Jul 3, 2006 (AP) Doctors have their first proof that a man who was barely conscious for nearly 20 years regained speech and movement because his brain spontaneously rewired itself by growing tiny new nerve connections to replace the ones sheared apart in a car crash.

Terry Wallis, 42, is thought to be the only person in the United States to recover so dramatically so long after a severe brain injury. He still needs help eating and cannot walk, but his speech continues to improve and he can count to 25 without interruption.

Wallis' sudden recovery happened three years ago, but doctors said the same cannot be hoped for people in a persistent vegetative state, such as Terry Schiavo, the Florida woman who died last year after a fierce right-to-die court battle. Nor do they know how to make others with less serious damage, like Wallis, recover.

"Right now these cases are like winning the lottery," said Dr. Ross Zafonte, rehabilitation chief at the University of Pittsburgh Medical Center, who was not involved in the research. "I wouldn't want to overenthuse family members or folks who think now we have a cure for this."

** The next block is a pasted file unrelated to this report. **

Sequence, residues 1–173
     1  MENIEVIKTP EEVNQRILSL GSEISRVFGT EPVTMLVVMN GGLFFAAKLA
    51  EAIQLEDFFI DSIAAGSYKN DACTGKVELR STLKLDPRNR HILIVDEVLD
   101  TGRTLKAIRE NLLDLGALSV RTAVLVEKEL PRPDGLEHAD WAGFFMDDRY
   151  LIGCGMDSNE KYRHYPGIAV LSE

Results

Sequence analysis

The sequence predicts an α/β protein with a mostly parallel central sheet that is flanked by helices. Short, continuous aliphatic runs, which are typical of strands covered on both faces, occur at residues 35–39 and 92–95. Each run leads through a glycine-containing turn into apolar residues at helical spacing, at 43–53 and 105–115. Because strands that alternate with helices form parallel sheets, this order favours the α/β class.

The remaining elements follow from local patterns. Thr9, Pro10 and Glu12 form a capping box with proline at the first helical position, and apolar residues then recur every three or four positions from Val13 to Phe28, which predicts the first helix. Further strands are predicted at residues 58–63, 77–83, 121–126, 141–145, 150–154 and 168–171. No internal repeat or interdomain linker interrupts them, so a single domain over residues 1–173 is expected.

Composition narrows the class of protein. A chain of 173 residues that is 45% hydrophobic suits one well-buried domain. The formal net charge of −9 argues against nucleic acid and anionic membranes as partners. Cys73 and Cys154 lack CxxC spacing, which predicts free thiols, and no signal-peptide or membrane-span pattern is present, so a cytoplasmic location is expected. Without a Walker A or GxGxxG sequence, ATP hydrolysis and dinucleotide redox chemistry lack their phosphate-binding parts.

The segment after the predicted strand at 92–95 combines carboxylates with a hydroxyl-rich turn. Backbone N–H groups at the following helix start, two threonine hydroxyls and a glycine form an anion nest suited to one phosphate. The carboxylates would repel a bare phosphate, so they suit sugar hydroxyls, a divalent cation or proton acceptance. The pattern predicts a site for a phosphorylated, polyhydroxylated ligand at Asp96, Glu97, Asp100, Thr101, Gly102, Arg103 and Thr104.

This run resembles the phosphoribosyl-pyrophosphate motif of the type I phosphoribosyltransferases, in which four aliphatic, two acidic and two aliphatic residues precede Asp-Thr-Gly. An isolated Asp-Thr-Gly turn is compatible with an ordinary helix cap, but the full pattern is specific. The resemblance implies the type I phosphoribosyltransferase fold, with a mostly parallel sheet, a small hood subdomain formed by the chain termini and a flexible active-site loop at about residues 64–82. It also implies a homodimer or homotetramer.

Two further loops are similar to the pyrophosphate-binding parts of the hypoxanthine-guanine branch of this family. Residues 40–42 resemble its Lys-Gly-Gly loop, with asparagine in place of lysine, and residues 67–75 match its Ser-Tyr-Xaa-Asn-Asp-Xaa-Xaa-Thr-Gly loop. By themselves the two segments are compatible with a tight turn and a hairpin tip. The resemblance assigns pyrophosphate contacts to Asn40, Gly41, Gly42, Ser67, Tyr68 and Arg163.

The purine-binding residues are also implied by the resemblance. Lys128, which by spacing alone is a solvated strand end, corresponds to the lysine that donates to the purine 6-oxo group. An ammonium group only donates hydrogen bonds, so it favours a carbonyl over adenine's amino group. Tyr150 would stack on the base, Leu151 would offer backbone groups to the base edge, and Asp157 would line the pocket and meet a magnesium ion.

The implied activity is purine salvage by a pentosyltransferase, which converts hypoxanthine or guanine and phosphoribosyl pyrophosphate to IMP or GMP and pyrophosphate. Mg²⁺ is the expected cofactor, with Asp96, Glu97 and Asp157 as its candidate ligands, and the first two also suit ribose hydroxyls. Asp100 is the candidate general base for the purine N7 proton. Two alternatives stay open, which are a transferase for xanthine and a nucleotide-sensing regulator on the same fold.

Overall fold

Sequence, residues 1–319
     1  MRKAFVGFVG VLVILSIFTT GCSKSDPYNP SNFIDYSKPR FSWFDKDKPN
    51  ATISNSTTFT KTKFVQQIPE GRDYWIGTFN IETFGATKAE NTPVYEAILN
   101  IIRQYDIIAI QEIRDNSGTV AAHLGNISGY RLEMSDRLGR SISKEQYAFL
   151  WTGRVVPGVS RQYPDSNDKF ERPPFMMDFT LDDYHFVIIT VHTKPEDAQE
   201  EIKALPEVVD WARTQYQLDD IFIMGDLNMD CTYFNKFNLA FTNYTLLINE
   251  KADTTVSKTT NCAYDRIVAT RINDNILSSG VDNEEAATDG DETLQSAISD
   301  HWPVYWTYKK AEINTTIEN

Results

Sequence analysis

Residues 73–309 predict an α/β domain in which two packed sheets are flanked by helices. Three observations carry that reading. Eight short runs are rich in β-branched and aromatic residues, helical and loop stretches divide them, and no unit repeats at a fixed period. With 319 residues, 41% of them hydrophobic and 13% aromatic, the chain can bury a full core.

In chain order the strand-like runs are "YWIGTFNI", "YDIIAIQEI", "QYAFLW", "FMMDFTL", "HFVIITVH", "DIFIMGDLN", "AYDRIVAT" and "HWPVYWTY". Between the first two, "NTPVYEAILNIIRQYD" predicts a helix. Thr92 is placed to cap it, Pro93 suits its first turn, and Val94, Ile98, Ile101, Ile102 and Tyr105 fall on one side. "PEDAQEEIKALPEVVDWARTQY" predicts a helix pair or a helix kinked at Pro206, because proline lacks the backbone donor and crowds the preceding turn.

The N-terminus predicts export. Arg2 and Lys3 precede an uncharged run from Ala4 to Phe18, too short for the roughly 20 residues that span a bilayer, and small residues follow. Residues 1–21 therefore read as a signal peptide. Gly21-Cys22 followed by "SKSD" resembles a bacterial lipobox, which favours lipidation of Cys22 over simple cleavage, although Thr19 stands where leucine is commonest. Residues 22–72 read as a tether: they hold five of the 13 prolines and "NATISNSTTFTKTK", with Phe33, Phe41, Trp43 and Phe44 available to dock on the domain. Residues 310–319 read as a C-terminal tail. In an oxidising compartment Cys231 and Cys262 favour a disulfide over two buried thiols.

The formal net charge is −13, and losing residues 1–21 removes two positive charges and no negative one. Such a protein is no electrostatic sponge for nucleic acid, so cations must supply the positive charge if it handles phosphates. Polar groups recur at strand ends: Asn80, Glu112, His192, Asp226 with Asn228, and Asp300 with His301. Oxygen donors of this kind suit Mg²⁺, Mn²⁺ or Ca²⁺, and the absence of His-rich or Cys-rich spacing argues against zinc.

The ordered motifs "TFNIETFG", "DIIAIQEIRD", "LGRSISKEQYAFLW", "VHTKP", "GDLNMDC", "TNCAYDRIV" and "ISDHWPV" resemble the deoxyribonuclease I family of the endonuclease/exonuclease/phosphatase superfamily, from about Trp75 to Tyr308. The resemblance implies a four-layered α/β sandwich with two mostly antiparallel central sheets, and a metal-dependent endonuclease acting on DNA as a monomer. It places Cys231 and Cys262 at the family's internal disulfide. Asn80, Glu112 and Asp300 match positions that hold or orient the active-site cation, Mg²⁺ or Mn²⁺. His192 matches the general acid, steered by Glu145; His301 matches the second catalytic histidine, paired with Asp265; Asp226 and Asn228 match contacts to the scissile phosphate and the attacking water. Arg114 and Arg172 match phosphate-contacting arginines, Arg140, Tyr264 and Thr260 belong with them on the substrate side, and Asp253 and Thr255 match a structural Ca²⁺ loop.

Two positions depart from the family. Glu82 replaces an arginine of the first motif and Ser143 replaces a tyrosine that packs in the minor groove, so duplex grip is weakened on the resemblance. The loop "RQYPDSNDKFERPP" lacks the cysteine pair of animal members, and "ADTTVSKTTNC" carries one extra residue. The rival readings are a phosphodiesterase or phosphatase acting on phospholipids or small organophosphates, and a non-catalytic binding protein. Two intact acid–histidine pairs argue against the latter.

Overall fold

Wallis has complete amnesia about the two decades he spent barely conscious, but remembers his life before the injury. "He still thinks Ronald Reagan is president," his father, Jerry, said in a statement, adding that until recently his son insisted he was 20 years old.

The research on Wallis, published Monday in the Journal of Clinical Investigation, was led by imaging expert Henning Voss and neurologist Dr. Nicholas Schiff at the Weill Medical College of Cornell University in New York City and included doctors at JFK Medical Center in Edison, N.J.

Wallis was 19 when he suffered a traumatic brain injury that left him briefly in a coma and then in a minimally conscious state, in which he was awake but uncommunicative other than occasional nods and grunts, for more than 19 years.

"The nerve fibers from the cells were severed, but the cells themselves remained intact," unlike Schiavo, whose brain cells had died, said Dr. James Bernat, a neurologist at Dartmouth-Hitchcock Medical Center in New Hampshire, who reviewed the research.